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Beamforming: The Best WiFi You’ve Never Seen

Chariot At 2.4 GHz

By the time I got to Chariot, I was already 1.5 days into a 2-day testing window. In four hours, my test space and many thousands of dollars of on-loan equipment were going to turn into pumpkins. So, as much as I’d like to tell you there was some technical reason for why I only tested the 7962 against the 1142 with beamforming enabled, the truth is that I ran out of time and had to make a choice. I decided the few hours I had left for Chariot testing would be a battle of the beamforms—on-chip versus on-antenna. Fight!

Quite the difference between TCP and UDP numbers, no? Also, remember that 2.4 GHz tests at close range can show half the TCP throughput speed of 5 GHz. This is why Netgear put its HD/Video wireless kit on the 5 GHz band. No one should be too surprised when Ruckus only manages an average throughput of 67 Mbps at location 1, although this is double what Cisco pulls in. Numbers decline incrementally at locations 2 and 4, with Ruckus showing more of a drop-off. The contenders reverse roles at location 3, with Cisco showing the greater loss over distance.

Down in location 5, both access points are able to hold a connection. The numbers we see here show Cisco hitting about half of the throughput we saw with Zap on 50% tests while Ruckus only falls off by about one-third.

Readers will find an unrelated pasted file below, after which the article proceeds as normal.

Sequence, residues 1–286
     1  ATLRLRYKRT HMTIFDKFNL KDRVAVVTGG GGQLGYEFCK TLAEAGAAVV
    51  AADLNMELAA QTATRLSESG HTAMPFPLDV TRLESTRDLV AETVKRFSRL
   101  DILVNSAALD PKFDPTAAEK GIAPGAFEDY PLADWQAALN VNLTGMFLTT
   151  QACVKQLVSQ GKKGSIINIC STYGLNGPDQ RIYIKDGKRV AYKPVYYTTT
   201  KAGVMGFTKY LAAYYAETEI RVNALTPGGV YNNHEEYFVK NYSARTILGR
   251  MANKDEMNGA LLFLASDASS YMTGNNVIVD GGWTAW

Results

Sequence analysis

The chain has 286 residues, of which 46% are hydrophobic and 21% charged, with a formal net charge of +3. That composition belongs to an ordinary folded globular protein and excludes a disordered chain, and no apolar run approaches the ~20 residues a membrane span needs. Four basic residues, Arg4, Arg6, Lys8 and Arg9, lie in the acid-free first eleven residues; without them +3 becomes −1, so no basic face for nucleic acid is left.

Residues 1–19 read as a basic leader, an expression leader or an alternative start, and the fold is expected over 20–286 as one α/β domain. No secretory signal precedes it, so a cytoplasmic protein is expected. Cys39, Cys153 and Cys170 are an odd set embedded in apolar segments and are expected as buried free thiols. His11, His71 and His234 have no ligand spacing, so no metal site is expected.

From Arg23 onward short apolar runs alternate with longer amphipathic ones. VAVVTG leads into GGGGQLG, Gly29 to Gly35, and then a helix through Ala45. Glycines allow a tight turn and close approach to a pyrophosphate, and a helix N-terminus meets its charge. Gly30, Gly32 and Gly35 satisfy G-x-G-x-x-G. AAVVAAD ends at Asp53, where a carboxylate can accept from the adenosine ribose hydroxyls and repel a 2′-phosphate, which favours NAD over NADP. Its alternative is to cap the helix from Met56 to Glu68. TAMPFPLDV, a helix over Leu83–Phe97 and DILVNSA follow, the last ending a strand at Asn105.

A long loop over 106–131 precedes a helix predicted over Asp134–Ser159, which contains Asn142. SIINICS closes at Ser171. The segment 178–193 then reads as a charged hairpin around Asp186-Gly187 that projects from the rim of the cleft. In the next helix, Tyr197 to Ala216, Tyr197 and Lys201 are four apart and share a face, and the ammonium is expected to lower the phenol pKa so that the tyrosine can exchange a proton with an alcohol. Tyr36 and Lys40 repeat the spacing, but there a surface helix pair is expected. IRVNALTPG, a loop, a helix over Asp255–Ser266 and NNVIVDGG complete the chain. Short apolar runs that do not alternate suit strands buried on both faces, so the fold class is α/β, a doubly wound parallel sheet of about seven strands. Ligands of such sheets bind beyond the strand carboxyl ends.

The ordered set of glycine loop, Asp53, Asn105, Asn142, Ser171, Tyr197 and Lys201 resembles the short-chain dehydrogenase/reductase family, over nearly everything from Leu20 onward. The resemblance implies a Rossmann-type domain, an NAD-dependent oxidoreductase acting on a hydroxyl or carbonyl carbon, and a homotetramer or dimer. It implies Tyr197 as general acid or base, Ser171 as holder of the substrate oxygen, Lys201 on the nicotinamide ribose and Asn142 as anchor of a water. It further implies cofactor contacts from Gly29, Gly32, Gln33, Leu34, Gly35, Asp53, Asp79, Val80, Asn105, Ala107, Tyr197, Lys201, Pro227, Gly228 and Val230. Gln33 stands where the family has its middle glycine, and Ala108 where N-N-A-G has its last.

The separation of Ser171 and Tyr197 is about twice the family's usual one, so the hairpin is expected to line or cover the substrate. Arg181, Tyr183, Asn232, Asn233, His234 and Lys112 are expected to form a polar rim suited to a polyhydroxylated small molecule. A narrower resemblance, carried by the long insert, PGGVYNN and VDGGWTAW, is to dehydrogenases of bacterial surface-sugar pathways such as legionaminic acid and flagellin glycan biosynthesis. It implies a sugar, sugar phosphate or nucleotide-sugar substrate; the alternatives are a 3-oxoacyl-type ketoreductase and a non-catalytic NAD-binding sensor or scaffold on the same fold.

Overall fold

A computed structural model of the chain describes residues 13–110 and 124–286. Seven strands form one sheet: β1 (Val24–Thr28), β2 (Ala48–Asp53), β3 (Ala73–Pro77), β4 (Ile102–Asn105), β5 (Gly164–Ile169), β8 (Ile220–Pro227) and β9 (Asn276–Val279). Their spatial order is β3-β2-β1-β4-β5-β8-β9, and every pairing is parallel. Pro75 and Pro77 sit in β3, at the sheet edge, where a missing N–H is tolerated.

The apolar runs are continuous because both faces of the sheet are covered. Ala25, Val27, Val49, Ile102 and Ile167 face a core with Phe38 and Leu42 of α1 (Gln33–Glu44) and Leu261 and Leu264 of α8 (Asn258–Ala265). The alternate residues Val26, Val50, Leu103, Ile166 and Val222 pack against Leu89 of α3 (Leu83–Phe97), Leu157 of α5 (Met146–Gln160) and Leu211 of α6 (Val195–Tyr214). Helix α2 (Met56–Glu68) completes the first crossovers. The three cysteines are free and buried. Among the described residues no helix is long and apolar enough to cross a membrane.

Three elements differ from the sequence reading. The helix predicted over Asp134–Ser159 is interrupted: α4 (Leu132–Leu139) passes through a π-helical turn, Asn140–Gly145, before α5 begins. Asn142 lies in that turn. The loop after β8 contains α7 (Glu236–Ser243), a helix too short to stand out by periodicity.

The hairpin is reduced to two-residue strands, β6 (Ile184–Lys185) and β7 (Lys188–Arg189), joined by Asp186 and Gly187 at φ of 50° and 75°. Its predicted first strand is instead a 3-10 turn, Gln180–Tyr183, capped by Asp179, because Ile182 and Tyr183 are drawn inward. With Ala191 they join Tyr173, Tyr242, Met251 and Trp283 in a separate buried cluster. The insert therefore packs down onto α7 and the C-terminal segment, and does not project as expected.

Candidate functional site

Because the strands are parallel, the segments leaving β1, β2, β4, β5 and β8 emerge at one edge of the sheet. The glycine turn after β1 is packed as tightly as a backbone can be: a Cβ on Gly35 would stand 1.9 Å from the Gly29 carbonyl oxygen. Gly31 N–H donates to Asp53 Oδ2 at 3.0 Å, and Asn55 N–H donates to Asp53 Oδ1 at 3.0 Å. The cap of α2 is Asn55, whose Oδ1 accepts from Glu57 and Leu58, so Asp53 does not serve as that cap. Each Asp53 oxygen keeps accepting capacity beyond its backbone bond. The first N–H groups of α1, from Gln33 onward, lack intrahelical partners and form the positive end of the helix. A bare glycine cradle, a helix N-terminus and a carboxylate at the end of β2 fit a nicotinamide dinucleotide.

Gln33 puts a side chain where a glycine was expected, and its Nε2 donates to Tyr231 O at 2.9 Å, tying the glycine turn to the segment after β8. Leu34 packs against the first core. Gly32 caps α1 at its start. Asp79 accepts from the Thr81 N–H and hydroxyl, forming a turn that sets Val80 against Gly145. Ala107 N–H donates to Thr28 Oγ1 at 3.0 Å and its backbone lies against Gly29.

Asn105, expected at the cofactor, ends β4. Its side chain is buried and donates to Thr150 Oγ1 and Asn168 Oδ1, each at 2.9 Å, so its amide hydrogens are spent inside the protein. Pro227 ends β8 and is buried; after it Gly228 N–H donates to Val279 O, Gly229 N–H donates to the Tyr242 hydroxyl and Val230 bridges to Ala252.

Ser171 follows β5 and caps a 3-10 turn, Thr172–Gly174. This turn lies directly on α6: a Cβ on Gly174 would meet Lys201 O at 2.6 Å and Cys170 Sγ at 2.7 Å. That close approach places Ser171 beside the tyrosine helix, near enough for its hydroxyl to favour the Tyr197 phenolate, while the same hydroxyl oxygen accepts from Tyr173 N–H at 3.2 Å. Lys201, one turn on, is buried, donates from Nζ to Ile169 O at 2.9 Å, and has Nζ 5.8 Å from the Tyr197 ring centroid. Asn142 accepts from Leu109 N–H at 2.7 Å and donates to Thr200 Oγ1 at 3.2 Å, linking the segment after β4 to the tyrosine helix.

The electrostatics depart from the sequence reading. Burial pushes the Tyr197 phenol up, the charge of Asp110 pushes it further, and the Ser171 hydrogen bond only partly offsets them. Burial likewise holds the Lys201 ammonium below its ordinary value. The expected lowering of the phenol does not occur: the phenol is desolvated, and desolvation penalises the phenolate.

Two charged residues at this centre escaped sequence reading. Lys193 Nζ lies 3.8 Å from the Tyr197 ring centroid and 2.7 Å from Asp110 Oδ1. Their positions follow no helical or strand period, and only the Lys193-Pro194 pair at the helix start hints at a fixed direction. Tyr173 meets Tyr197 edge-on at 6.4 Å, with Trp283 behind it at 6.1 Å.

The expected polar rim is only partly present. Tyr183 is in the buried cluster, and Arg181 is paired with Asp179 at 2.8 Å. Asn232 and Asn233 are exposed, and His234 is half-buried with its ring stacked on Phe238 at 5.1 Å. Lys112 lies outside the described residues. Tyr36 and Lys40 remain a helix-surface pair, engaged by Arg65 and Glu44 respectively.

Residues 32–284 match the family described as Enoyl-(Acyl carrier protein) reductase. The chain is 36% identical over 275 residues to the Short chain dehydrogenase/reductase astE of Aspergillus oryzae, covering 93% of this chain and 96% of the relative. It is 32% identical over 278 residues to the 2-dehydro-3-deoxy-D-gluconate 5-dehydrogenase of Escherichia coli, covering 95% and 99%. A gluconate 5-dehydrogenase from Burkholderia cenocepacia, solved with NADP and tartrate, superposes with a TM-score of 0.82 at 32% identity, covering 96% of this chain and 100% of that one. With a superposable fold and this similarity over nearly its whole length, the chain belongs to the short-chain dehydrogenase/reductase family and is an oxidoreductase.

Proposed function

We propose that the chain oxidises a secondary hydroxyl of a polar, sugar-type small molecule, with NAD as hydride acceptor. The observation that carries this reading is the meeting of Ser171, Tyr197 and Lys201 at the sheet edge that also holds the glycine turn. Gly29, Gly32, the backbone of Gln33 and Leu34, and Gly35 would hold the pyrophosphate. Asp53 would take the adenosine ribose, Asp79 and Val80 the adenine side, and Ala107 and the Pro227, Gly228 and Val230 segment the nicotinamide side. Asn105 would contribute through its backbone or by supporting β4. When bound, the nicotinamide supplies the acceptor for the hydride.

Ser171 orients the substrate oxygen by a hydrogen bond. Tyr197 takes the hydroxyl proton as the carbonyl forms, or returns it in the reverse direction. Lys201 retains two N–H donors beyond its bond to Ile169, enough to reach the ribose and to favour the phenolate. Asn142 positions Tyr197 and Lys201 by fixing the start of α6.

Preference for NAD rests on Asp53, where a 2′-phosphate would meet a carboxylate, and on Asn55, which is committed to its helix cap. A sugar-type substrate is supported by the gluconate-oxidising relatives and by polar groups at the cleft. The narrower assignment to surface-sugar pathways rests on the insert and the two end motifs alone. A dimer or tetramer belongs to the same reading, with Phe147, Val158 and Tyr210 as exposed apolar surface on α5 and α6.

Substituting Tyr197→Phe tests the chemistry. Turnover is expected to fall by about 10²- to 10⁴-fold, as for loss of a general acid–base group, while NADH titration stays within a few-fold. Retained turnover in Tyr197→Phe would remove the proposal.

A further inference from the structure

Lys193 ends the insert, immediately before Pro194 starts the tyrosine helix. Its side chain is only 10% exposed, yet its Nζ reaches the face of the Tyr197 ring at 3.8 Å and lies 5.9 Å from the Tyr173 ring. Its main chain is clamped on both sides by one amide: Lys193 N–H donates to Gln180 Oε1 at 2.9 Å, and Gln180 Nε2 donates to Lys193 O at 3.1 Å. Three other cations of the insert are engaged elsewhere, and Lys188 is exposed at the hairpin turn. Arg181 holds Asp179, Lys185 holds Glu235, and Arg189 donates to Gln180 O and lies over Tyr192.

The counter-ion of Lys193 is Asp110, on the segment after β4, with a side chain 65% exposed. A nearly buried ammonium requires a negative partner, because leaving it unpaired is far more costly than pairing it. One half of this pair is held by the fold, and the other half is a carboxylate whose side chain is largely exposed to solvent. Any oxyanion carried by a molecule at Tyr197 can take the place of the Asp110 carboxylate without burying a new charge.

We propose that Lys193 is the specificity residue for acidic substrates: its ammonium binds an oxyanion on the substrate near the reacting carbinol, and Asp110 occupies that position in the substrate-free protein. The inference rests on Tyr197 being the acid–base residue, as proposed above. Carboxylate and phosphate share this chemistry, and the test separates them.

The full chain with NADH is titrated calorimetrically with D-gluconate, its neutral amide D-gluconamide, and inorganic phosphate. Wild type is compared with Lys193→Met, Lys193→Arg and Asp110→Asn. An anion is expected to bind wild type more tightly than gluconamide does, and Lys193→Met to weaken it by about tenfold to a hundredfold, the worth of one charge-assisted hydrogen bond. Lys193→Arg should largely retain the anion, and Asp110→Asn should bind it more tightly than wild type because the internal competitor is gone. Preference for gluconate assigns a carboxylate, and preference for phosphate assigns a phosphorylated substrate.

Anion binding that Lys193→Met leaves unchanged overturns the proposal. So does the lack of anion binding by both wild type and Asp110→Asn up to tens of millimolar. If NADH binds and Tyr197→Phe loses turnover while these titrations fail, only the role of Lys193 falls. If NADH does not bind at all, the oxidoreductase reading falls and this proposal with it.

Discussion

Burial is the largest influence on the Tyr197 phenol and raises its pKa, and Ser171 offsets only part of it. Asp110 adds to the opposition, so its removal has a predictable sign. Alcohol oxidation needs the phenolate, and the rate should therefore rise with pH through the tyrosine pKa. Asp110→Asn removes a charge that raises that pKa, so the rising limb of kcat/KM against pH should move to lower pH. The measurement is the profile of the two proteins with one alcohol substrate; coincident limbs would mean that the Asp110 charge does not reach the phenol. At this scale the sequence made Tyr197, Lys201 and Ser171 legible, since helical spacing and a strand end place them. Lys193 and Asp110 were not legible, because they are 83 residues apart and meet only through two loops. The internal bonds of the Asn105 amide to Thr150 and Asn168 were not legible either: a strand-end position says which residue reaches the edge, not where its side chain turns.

• dingumf
    Tyra is an over confident wh0r3 and is not hot.

    You sir are an idiot
    Reply
  • pirateboy
    just what we need, more retarded failnoobs clogging up the airwaves with useless braindead movieclips...yaay
    Reply
  • chinesemafia69
    wow....this owns

    Reply
  • bucifer
    This article started up pretty good with lots of technical data and the beamforming technology in theory but after that the goodness stopped.

    1.You cannot compare two products by testing them with a in-house developed software. It's like testing ATI vs nVIDIA with nvidia made benchmark.
    2.If you do something get it done, don't just go with half measures. I don't care if you didn't have time. You should have planned this from the beginning. The tests are incomplete, and the article is filled with crap of Rukus and Cisco.
    Reply
  • Mr_Man
    In defense of your wife, you didn't HAVE to use that particular channel to view all the "detail".
    Reply
  • @Mr_Man: With a name like yours, I'd think that you'd sympathize with Chris a bit more :P Unless (Mr_Man == I likes men) :D
    Reply
  • antiacid
    awesome article! Thanks for exposing us to this great technology :)
    Reply
  • Pei-chen
    Both Tyra and Heidi have personal issues and would be pretty difficult friend/mate.

    The network idea sounds better. I couldn’t get my 10 feet g network to transmit a tenth as much as my wired network without it dropping.
    Reply
  • zak_mckraken
    There's one question that I think was not covered by the article. Can a beamformaing AP can sustain the above numbers on two different clients? Let's say we take the UDP test at 5 GHz. The result shows 7.3 Mb/s. If we had two clients at opposite sides of the AP doing the same test, would we have 7.3 Mb/s for each test or would the bandwidth be sliced in 2?

    The numbers so far are astonishing, but are they realistic in a multi-client environnement? That's something I'd like to know!
    Reply
  • jerther
    There is so much invisible to understand in wireless technology!
    Reply